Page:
Sharda as a script that belongs to the same family includes Devnagri, the script for Hindi and Sanskrit. One doesn’t have to be a linguist to see that Sharda is just like Devnagri and not anywhere close to Arabic, Persian or Urdu.  Then how is Urdu a part of our DNA and why is Hindi alien? Sharda was the heritage of Kashmir, our heritage, for 1,700 years. If thirty years is a generation, we are talking here of fifty generations and more.

Yes, right now, it is not being used except by a few in the Kashmiri Pandit community for religious purposes. How does that change the past?

One may not agree with the Indic scholars that Kashmiri is derived from Sanskrit.  But it is impossible to dismiss G A Grierson, to whom we owe the preservation of our grammar, the one and only by Ichavara Kaul. But for his incredible work, Kashmiri would have shrivelled long ago to a just a spoken language.

Grierson’s view is “Kashmiri language is a very ancient language, a sister and not a daughter of the form of speech which ultimately developed as literary Sanskrit.” That is in our homologous cultural DNA, if you ask me. Not the whole, but a few nucleotides in the genetic code, perhaps!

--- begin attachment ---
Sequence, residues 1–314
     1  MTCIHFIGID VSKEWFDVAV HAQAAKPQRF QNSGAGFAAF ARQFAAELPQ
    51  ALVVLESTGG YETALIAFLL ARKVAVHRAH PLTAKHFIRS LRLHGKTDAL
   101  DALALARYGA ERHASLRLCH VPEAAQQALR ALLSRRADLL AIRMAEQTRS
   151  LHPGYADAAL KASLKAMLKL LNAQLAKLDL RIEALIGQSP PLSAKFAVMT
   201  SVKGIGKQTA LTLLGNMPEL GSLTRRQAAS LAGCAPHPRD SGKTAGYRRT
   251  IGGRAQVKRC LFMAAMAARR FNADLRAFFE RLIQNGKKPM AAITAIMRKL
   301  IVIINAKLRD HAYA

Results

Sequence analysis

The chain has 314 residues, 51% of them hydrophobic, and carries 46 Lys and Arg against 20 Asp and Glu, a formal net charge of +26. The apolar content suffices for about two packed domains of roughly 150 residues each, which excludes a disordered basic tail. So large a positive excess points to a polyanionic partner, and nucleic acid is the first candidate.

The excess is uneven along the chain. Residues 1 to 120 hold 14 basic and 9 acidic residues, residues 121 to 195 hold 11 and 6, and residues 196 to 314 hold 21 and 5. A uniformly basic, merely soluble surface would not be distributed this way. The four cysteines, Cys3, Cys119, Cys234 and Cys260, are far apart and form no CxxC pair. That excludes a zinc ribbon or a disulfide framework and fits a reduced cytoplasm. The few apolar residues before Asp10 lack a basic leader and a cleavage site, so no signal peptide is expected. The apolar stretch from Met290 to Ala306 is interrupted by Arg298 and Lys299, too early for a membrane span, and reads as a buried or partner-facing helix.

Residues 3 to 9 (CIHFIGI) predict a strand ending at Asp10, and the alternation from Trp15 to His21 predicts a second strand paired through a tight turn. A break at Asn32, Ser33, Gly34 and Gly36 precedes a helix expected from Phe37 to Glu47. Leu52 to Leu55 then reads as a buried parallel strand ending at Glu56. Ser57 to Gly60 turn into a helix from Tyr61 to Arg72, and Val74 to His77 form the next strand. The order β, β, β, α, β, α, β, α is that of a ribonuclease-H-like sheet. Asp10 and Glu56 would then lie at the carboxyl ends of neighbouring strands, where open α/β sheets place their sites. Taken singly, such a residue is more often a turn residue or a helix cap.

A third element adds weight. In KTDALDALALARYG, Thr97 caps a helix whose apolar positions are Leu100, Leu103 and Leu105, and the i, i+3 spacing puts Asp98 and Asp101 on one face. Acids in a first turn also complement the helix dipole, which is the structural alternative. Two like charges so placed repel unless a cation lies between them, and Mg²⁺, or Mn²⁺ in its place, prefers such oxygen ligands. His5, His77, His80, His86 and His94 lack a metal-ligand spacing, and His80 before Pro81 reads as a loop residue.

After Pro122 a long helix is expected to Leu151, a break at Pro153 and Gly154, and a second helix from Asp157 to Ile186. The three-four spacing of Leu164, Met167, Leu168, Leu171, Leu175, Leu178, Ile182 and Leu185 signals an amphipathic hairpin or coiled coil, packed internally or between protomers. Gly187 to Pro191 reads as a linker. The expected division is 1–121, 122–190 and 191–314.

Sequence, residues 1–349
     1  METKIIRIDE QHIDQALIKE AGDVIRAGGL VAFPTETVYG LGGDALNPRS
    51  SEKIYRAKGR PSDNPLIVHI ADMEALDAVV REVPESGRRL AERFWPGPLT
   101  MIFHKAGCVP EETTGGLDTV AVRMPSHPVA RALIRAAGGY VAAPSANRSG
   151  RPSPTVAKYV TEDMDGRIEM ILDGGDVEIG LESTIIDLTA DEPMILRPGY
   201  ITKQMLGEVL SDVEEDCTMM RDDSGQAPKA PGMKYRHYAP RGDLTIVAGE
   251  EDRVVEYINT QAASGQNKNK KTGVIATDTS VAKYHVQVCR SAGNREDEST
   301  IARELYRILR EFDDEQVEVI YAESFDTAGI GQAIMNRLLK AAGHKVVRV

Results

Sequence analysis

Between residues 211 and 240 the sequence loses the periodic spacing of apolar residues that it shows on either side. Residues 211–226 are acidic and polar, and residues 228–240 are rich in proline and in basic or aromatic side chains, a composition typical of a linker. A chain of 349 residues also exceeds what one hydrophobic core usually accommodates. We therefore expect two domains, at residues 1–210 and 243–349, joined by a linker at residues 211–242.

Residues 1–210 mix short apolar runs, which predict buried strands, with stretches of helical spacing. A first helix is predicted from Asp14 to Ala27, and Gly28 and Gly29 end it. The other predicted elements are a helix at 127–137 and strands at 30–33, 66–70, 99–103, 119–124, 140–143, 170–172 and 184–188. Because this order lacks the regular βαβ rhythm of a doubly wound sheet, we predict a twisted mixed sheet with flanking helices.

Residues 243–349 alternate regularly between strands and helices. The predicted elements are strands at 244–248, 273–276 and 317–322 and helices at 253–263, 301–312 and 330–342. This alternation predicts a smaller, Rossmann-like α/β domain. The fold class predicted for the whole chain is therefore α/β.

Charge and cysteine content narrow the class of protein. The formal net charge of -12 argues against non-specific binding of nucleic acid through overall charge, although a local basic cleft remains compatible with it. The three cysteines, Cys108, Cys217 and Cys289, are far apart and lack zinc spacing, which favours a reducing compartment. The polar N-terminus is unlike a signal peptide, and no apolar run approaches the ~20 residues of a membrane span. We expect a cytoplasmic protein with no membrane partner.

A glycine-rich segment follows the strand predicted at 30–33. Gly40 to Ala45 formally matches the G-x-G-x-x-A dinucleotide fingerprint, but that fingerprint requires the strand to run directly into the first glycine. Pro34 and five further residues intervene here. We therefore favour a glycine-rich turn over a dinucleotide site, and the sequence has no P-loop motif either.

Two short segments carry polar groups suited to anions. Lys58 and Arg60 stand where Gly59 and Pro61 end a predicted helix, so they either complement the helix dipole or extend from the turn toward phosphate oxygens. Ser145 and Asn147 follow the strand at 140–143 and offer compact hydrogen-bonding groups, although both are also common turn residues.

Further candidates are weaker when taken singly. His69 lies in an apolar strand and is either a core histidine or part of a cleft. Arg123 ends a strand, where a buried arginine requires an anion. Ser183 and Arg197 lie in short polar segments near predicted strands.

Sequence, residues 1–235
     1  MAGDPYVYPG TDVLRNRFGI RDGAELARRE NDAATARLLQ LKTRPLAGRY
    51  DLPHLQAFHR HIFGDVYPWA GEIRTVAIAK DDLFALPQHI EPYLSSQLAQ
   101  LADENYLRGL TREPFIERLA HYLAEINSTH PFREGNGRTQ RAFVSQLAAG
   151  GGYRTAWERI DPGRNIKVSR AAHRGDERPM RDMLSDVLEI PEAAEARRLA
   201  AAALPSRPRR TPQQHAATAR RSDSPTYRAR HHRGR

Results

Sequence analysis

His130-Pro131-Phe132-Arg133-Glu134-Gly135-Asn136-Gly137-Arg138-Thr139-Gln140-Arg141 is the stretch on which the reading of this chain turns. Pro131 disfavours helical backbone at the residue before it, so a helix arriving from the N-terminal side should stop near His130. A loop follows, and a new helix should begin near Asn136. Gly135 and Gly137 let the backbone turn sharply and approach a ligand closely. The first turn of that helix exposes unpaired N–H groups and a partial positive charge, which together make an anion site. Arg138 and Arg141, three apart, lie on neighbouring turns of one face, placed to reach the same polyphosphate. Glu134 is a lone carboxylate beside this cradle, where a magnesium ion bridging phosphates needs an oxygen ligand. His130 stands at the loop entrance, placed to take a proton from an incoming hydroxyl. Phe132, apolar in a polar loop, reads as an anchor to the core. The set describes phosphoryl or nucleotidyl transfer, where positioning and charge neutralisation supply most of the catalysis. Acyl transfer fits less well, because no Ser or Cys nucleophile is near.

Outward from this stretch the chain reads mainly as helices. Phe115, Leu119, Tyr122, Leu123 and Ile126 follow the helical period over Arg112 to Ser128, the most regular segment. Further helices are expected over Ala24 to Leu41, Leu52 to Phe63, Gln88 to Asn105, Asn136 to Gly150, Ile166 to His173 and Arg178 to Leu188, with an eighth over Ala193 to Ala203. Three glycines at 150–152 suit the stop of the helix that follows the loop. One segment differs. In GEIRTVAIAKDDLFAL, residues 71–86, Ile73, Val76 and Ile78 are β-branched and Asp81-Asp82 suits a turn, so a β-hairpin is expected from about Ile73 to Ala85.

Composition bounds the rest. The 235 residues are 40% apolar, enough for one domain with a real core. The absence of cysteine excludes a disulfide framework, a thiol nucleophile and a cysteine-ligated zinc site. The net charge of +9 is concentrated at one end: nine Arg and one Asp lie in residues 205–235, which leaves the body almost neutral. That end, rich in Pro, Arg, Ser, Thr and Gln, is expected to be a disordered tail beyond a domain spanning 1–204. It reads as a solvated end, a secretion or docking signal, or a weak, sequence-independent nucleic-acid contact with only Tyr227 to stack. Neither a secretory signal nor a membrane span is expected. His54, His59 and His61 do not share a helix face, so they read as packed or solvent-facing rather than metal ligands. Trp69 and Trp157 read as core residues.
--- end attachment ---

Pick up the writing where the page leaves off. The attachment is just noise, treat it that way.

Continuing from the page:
True that over the years, there have been many a somatic mutation to the DNA. Sharda got replaced first by Devngari. Then there was a structural break with the scripts of the Perso-Arabic family replacing it with the advent of Muslim rule in Kashmir.

It is neither necessary nor required to shut the Hindu heritage out, in order to own and appreciate the socio-cultural contributions and economic consequences of the advent of Islam in Kashmir. For almost 7 to 8 centuries now Kashmiri is written in the Persian script. Zain ul Abideen changed the lingua franca of Kashmir. Most significantly, he didn’t de-historicize it; he de-communalised it. With that it has become a part of our cultural DNA. These developments happened sequentially, though not in a linear manner. So neither excluded the other as it evolved. What is then the need or compulsion to airbrush the prior past?